A man convicted of breaking into his estranged wife's home and threatening to kill her with a two-by-four board did not commit a "crime of domestic violence," the Wisconsin Supreme Court ruled. He will be allowed to carry a concealed gun in Wisconsin.
The court's decision was unanimous. But in a blistering concurrence, liberal Justice Jill Karofsky blasted the law that allowed for the ruling, calling it "as nonsensical as it is dangerous" and called on lawmakers to fix what she characterized as a "dangerous loophole."
In 1993, Daniel Doubek of Door County broke the glass on the front door of his wife's home, reaching in to unlock the door from the inside. When he found her inside, he raised a slab of lumber over her head and told her she "was dead."
Doubek's wife was home alone with their 4-year-old daughter at the time. She shouted for help from neighbors; outside the home, Doubek continued to threaten her, saying he didn't care about the consequences if he killed her. After about 30 minutes, he left. He would later plead guilty to disorderly conduct, a misdemeanor charge.
State and federal laws ban those who've been convicted of a "misdemeanor crime of domestic violence" from possessing a gun.
In 2016, Doubek applied for and received a permit to carry a concealed handgun in Wisconsin. Three years later, the state Department of Justice led by Democratic Attorney General Josh Kaul reversed the state's decision to grant the permit, citing Doubek's history of domestic violence. Doubek appealed, and a circuit court judge agreed with the state. The state Supreme Court's ruling Friday overrules that decision, finding that the crime Doubek, now 56, pleaded guilty to did not constitute one of domestic violence.
In oral arguments before the state Supreme Court in December, Doubek's attorney, John Monroe, argued that by the legal definition, a charge of disorderly conduct can never be considered domestic violence. In the court's opinion, Justice Brian Hagedorn agreed, and pointed to U.S. Supreme Court precedent that requires courts to "ignor(e) the particular facts of the case" in making such determinations.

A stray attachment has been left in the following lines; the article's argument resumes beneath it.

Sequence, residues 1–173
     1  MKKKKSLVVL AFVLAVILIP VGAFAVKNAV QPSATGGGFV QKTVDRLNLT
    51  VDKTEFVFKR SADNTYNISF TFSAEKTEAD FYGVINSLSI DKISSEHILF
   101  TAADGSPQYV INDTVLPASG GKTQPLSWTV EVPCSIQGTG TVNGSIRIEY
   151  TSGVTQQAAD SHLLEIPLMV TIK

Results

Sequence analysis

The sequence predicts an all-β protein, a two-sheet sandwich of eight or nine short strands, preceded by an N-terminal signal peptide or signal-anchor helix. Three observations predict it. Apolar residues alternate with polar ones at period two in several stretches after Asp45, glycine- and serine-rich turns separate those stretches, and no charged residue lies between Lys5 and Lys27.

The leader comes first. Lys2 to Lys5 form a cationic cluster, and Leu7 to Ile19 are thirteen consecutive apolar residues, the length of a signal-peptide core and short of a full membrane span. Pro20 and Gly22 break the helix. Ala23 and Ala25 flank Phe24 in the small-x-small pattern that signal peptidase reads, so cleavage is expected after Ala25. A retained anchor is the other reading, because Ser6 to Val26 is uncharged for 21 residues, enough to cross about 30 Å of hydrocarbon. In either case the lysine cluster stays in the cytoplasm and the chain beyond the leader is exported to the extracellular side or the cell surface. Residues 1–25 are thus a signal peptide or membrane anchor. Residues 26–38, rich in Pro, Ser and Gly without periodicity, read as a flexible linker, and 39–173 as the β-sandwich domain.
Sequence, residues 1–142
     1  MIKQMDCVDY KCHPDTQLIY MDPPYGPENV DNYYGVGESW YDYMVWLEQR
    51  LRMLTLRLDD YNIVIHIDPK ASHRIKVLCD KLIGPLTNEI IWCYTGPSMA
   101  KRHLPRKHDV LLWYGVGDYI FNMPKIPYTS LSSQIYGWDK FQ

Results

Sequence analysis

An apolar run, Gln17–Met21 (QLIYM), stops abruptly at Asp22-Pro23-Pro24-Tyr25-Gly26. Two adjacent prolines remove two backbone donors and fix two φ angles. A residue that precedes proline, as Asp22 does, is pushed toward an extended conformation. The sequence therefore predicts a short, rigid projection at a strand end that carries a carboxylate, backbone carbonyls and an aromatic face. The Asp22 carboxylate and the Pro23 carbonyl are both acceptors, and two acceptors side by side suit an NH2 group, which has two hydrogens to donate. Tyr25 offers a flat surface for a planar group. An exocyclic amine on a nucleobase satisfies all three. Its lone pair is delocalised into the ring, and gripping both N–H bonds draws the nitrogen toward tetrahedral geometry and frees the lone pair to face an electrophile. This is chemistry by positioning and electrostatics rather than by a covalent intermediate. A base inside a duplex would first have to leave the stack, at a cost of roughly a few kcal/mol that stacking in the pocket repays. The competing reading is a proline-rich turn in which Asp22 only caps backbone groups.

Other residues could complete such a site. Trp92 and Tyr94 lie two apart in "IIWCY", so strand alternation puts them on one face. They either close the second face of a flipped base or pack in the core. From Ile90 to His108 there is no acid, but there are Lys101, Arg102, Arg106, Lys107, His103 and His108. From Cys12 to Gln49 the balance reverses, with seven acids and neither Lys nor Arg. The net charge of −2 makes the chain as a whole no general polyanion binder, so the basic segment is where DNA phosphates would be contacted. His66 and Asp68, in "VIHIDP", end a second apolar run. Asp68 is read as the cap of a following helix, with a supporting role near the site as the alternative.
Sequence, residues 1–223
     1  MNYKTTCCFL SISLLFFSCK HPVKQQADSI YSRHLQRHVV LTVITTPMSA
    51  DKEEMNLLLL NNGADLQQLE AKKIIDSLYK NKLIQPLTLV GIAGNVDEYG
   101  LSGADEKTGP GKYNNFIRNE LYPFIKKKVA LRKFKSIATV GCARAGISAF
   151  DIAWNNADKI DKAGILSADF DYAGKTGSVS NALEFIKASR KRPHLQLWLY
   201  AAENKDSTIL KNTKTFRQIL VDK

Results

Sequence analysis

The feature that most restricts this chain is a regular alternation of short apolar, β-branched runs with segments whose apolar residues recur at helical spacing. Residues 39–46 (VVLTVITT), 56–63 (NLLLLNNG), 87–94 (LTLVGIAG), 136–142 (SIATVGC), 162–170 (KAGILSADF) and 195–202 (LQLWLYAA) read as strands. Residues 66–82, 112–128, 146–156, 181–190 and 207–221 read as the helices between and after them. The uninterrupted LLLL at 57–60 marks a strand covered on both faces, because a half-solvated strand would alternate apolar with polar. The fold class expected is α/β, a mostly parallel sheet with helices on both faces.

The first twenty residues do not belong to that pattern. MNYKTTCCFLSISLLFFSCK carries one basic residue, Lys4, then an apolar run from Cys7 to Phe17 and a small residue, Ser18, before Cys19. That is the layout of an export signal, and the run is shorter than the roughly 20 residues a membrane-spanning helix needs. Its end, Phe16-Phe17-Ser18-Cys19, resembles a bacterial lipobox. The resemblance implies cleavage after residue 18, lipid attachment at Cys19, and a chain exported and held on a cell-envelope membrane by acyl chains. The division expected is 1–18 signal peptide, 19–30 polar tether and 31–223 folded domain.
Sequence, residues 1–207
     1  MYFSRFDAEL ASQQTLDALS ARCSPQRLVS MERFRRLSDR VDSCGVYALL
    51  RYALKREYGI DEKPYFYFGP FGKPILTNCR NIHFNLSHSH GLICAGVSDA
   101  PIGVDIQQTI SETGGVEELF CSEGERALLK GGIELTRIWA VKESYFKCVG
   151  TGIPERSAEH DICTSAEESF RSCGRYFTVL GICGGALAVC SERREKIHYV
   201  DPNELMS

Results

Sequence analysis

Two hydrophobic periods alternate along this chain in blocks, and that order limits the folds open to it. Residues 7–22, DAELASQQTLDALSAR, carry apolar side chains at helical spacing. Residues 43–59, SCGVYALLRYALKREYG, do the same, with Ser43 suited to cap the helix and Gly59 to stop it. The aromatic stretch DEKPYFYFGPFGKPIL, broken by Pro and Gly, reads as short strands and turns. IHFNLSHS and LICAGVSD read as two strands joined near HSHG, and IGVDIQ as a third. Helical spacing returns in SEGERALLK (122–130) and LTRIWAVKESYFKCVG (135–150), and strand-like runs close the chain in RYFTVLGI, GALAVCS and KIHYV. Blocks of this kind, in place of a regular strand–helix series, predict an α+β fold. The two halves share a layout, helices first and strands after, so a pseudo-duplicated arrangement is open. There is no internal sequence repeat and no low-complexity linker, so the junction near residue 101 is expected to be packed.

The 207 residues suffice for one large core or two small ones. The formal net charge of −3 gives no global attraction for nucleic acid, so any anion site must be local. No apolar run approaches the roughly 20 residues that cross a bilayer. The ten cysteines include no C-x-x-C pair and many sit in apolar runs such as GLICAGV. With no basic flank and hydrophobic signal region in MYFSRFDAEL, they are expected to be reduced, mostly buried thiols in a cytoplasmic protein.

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The ruling is "legally correct," Karofsky wrote, but it ignores the real-world consequences of allowing gun permits for those with a history of domestic violence.
"In the realm of domestic violence, threats to kill, like the one Doubek made to his wife, more than double the risk of femicide," Karofsky wrote, citing a study in the American Journal of Public Health. And access to a gun causes that risk to skyrocket.
"The numbers are staggering," she wrote. "A domestic abuse victim is five times more likely to be killed by her abuser when the abuser has access to a gun."
That's the reason federal law and state laws ban domestic abusers from some gun rights, and Karofsky argued it should be enough to prompt legislators to amend criminal statutes to avoid an outcome like the one in Doubek's case.
In her concurrence, she offered three ways legislators could fix what she called a broken outcome of the current law: The state Legislature could create a new domestic violence law specific to "threatened use of a deadly weapon;" it could make "domestic abuse" its own category of crime, rather than dealing with abuse cases under assault or disorderly conduct statutes; or it could pass a law authorizing courts to judge whether a given conviction constitutes domestic violence.
"Only the Legislature," Karofsky wrote, "may close this dangerous loophole."